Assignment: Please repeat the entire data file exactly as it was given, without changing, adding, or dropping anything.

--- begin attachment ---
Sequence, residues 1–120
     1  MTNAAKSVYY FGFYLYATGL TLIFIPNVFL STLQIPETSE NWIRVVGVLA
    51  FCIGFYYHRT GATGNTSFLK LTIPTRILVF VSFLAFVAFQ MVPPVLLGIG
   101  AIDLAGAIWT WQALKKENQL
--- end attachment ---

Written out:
Sequence, residues 1–120
     1  MTNAAKSVYY FGFYLYATGL TLIFIPNVFL STLQIPETSE NWIRVVGVLA
    51  FCIGFYYHRT GATGNTSFLK LTIPTRILVF VSFLAFVAFQ MVPPVLLGIG
   101  AIDLAGAIWT WQALKKENQL